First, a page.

WASHINGTON D.C — Bucks County Congressman Brian Fitzpatrick, Carlos Curbelo (R-FL), and Mike Thompson (D-CA) authored a bill to help medical professionals implement best practices for prescribing opioids. Their REACH OUT Act unanimously passed the Energy and Commerce Committee and will be considered by the full House of Representatives this month.

Fitzpatrick said, “I was proud to co-sponsor the REACH OUT Act and ensure we are facilitating necessary outreach and education about non-opioid alternatives for pain management to reduce the number of opioids being prescribed.”  

The Reach Out bill, or the Responsible Education Achieves Care and Healthy Outcomes for Users’ Treatment, H.R. 5796, will direct the Centers for Medicare and Medicaid Services to work with eligible entities, including Quality Improvement Organizations, to engage in outreach with prescribers.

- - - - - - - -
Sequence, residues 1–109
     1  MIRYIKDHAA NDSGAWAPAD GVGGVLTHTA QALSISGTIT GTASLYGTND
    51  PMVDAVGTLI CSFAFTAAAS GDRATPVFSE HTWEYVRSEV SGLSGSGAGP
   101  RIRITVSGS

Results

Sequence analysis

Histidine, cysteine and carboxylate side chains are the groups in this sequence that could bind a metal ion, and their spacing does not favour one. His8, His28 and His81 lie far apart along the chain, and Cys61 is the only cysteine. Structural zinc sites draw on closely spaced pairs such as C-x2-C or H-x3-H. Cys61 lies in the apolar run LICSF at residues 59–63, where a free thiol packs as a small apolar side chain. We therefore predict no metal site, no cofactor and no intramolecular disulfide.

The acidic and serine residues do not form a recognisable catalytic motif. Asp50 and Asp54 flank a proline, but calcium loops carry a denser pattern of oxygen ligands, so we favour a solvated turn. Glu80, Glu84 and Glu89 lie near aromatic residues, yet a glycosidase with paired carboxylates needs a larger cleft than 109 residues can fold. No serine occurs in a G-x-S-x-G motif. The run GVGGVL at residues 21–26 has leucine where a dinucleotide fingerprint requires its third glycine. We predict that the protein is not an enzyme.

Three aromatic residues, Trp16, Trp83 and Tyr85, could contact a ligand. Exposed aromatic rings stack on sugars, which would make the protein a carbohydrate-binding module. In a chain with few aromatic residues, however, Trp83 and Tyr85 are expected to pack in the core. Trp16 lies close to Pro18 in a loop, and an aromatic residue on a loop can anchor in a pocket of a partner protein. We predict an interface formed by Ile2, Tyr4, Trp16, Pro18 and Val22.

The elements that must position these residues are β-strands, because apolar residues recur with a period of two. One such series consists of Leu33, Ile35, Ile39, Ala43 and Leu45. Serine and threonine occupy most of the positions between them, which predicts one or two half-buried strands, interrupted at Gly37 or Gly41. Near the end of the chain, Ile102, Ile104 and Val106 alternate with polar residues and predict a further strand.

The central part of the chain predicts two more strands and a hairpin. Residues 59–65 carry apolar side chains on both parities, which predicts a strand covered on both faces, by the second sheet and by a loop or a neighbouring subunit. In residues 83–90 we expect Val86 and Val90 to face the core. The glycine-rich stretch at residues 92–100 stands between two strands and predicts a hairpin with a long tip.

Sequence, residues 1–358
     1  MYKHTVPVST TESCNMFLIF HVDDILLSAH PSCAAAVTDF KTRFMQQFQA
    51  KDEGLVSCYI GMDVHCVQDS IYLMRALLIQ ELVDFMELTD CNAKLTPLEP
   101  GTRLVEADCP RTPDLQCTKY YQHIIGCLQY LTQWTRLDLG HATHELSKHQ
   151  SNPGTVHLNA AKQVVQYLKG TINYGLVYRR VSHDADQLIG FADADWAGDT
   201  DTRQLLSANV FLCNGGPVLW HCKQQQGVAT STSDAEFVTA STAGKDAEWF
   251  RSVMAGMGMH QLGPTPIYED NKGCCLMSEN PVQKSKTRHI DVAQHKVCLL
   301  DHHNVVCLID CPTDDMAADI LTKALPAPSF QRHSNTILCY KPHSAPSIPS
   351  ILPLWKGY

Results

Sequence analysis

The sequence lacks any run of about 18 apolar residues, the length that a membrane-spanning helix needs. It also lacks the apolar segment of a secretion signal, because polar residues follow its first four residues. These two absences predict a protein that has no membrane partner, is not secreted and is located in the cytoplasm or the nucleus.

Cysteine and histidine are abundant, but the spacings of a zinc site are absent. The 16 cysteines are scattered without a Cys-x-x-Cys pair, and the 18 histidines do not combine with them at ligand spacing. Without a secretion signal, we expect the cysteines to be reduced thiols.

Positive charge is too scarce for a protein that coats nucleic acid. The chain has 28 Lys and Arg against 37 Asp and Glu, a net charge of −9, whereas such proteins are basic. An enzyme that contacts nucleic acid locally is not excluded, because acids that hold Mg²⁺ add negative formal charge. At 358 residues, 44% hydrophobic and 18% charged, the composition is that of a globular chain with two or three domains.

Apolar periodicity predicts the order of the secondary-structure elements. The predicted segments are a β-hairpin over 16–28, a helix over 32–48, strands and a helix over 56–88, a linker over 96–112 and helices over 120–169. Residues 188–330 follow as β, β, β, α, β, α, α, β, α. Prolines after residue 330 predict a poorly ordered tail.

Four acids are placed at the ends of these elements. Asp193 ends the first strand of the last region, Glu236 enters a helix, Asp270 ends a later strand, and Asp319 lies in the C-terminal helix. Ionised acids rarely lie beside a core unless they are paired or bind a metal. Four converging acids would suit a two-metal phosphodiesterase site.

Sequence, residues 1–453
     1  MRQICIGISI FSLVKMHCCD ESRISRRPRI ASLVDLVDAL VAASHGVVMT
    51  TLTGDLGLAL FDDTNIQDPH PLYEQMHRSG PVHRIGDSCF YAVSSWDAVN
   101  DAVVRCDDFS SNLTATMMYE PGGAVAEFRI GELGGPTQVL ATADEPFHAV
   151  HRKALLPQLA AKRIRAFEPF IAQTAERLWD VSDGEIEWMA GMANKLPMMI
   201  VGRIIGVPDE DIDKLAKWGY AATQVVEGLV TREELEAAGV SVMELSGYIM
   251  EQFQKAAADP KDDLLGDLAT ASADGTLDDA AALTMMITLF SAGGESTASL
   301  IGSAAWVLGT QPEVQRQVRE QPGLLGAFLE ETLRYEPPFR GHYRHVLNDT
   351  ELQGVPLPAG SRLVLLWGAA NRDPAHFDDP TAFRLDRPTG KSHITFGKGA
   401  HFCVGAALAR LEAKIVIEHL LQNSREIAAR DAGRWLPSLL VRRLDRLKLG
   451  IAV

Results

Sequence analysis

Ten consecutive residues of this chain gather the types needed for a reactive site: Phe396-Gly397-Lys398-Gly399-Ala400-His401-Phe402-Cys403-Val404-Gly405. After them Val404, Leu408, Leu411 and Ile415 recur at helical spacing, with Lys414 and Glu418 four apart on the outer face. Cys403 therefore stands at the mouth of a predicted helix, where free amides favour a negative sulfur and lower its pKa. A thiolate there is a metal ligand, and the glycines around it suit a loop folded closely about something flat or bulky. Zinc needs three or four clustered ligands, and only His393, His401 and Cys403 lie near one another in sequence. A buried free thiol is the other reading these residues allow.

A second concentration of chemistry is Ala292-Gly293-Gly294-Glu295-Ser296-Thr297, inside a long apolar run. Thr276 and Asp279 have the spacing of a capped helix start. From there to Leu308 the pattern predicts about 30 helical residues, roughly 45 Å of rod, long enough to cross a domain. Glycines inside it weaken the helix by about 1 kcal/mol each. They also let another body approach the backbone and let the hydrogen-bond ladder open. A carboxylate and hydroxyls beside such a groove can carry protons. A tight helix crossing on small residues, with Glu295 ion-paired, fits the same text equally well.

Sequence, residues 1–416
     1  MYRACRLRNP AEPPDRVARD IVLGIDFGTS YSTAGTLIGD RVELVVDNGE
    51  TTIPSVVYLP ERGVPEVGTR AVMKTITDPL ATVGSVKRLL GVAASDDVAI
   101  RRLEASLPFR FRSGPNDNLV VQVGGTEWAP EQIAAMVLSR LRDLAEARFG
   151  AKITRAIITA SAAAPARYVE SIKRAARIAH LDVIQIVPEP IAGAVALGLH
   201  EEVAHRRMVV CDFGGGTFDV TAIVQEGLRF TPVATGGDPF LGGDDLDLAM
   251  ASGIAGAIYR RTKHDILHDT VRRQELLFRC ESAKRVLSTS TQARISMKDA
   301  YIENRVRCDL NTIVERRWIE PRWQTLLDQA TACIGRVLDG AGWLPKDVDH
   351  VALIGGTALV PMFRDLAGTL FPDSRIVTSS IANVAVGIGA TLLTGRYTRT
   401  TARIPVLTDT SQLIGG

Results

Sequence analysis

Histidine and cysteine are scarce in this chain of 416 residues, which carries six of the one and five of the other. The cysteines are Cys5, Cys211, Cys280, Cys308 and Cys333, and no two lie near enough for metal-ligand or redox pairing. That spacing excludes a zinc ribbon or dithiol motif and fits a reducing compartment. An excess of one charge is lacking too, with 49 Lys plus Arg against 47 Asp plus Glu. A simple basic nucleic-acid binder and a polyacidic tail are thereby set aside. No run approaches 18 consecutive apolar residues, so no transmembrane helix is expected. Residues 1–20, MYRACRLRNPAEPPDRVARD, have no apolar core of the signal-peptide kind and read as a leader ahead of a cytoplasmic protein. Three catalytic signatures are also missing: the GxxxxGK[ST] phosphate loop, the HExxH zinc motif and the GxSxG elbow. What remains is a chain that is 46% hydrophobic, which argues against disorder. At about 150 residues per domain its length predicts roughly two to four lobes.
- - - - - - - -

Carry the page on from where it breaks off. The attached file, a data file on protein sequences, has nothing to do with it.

The bipartisan REACH OUT Act received the endorsement of the American Health Quality Association that pointed to Congressman Fitzpatrick’s leadership in fighting for the needed resources to combat a rising opioid abuse epidemic. 

The Association noted in its release that opioids account for an astonishing 39 million Medicare Part D claims each year. Meanwhile, Centers for Disease Control data indicates that 90,000 patients in the U.S. currently are at serious risk from opioids.   

The Fitzpatrick, Curbelo and Thompson legislation would build on lessons learned by spreading best practices for preventing prescription abuse, providing outreach and education about non-opioid pain management and reducing the number of opioids prescribed by outlier prescribers. (An outlier prescriber is identified by the Secretary of Health and Human Services as one who prescribes an excessive number of opioids as compared to other prescribers in their medical specialty and geographic area.)

“As an EMT and vice-chair of the Bipartisan Heroin Task Force, I’m working each day to find new ways to tackle the opioid epidemic head on,” Fitzpatrick said. “We need to ensure that our medical professionals possess the latest best practices for preventing prescription abuse, including non-opioid pain management. . .Those medical professionals who prescribe opioids are key stakeholders to help reduce and prevent, inappropriate opioid prescriptions.”   -PW